So you’ve been working on teaching your dog “high five”, and it’s just the cutest darn thing, and your dog does it like a champ! That is, until you ask your dog to do it when you run into friends at the park! You raise your hand and say, “high five!” exactly like you had done at home, and Fido just stares at you blankly, with his lip stuck to his tooth in that goofy way.
“I promise, he knows this!” you say, with not a little embarrassment.
Sound familiar? That’s because it happens to everyone, and it’s one of the most common reasons people don't keep up with dog training. The ability to learn something in one setting and apply it in different settings without having to re-learn it is called generalization, and it’s one of many possible reasons your dog may not respond to a cue. Generalization comes pretty easy to people, but not so for dogs. But without knowledge of this, most people interpret this as an error on their dog’s part, and will repeat the cue over and over.
If the dog still doesn’t respond, many people assume there is a purposeful refusal to cooperate on the part of the dog. They say the dog is “giving them the paw”, blowing them off, etc.
A better way to interpret your dog’s lack of response to a cue is as neutral feedback. If your dog doesn’t respond to a cue (in any setting, including the one in which you originally trained it), this is information for you. It means one or more of several different things:
1)your dog doesn’t fully understand the cue
2)you are not performing the cue as you had previously (you may think you are, but dogs are very attuned to subtle variations)
3)your dog is distracted by something in the environment
4)your dog is not motivated to perform the behavior at that moment (and that's okay!)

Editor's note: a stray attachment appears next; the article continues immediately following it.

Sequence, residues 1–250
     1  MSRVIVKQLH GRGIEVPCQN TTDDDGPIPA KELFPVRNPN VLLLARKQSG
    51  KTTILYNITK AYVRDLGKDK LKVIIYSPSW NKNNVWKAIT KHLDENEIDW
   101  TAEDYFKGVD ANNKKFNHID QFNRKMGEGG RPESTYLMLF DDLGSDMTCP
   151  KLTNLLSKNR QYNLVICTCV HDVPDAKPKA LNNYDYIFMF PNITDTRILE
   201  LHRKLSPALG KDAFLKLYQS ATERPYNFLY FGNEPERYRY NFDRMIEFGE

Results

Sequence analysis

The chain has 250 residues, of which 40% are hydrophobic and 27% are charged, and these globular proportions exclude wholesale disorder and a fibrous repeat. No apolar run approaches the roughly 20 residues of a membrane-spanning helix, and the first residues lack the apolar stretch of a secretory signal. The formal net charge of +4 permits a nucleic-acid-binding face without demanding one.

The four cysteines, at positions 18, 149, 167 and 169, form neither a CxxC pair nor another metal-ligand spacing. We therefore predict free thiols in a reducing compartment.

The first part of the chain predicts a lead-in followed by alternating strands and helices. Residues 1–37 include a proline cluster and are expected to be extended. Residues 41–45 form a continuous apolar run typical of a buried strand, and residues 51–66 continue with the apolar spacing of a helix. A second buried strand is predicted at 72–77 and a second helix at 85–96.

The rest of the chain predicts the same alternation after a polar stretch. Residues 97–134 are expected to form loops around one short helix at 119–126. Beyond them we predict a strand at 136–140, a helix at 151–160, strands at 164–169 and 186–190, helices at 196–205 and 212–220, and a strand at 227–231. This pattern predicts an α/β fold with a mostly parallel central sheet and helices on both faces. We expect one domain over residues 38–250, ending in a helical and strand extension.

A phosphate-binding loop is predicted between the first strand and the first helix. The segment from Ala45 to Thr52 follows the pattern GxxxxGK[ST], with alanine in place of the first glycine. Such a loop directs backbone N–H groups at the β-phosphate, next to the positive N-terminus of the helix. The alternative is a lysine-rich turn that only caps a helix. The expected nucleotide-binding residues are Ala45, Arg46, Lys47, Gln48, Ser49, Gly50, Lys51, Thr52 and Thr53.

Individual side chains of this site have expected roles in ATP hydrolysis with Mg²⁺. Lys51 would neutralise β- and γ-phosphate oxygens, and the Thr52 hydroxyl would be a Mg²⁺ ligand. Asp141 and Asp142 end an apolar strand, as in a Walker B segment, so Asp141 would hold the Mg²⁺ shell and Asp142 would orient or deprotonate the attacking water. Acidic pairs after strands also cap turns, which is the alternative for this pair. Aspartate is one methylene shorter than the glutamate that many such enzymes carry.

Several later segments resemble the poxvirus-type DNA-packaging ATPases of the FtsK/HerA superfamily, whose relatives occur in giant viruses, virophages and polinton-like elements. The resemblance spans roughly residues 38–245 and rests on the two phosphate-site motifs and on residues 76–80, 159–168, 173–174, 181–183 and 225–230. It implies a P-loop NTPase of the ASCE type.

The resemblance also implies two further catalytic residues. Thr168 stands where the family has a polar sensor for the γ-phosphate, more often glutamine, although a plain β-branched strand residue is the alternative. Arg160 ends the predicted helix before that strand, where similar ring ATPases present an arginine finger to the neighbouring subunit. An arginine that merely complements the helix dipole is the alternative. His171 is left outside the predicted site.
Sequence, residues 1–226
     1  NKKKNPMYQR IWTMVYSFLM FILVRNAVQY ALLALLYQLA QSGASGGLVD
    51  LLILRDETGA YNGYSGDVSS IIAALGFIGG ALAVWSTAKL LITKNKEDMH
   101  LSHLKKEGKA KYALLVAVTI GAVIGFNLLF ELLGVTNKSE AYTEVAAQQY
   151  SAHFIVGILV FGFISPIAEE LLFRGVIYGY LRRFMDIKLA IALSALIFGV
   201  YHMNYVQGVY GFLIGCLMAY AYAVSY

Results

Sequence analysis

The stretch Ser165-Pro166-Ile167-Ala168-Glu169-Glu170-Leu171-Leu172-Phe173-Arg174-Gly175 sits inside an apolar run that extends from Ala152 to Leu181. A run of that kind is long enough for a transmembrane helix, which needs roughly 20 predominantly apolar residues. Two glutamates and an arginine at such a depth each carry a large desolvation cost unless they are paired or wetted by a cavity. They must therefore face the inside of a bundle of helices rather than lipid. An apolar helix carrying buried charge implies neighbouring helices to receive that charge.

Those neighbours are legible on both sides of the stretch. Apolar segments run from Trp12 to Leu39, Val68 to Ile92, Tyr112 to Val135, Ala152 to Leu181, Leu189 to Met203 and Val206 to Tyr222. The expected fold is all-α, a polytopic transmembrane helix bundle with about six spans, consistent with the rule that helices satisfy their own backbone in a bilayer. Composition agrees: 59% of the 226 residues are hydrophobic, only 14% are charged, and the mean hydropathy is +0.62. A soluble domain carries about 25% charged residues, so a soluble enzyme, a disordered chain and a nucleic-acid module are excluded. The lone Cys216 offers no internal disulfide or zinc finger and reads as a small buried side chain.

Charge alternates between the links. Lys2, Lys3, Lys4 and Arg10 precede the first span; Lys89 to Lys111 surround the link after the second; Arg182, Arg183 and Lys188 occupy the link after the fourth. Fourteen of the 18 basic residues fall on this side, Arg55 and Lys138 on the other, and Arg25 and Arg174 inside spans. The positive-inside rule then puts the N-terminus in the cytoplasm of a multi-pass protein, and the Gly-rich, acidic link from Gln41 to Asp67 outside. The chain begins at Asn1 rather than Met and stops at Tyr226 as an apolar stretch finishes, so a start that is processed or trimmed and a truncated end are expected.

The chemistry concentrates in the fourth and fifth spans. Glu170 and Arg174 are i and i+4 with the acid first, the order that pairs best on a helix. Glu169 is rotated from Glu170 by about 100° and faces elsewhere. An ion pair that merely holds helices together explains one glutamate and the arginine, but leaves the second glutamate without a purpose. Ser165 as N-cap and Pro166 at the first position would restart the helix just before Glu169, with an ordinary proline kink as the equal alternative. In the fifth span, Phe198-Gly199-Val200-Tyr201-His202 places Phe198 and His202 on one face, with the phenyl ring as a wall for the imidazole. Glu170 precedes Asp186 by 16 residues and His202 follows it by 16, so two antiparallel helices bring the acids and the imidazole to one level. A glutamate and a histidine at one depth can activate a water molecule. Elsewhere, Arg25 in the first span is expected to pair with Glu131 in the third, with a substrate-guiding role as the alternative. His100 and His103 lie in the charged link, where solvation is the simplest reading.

5)they are not used to doing the behavior in that particular setting (the behavior hasn’t been generalized to that setting yet)
6)they have a strong reinforcement history of doing a different behavior in that setting
7)they perform a much smaller version of the behavior that you may or may not even recognize as an attempt
Here is a recent example of this from my own training, and there are at least six out of seven reasons listed above at play here. I taught both of our dogs the cue “back up”, and I use both a hand signal and a word for the cue. The goal is for the dog to back up several steps when given the cue. My dogs are used to doing this behavior in the context of a series of other behaviors, done in either our living room or my training room. I am slowly trying to generalize it to other locations. At the end of a walk this morning, we were about to go through a gate into our backyard. Rarely do I ask my dogs for any behaviors at that location, but if I do it’s generally a Wait cue. But today I decided to ask for Back Up, to see what I would get (I also decided to film it, so I was using just my right hand for the hand signal, as opposed to both hands, AND I was holding my phone in my left hand. Hardly a consistent cue!) And the interesting thing is, the initial responses were so small that I didn’t even recognize them, or didn’t feel that they met my criteria. I did, however, realize in the moment that I should lower my criteria to just one step back, and I did. I also tried waiting to see if they offered the behavior on their own, and they both did (sometimes, like us, it’s easier for them when there’s no pressure)!
If I could impress one thing upon people about dog training, it’s that if your dog doesn’t do what you’re asking, it’s the execution of the training method that needs improvement, not the dog. What the dog does is just information for us. Sometimes that information makes us happy, and makes us feel like we are great trainers. More often than not, that information tells us we need to tweak something and try again. As B.F. Skinner famously said about his experimental subjects, “The rat is always right!”
Does that mean we are doomed to fail at our training goals over and over, and that training is rarely reinforcing to us? No, but what it should tell us is that in order to ensure training is fun and reinforcing to both our dogs and ourselves, and to ensure that it is an activity that we will engage in over the long haul, we should have realistic and fair expectations of both our dogs and ourselves. That means that dog training is a skill, like many others, that takes time to learn and to perfect, and that we should appreciate the journey as much as the goal!
Happy training, y'all!
Leannah Fulmer, CPDT-KA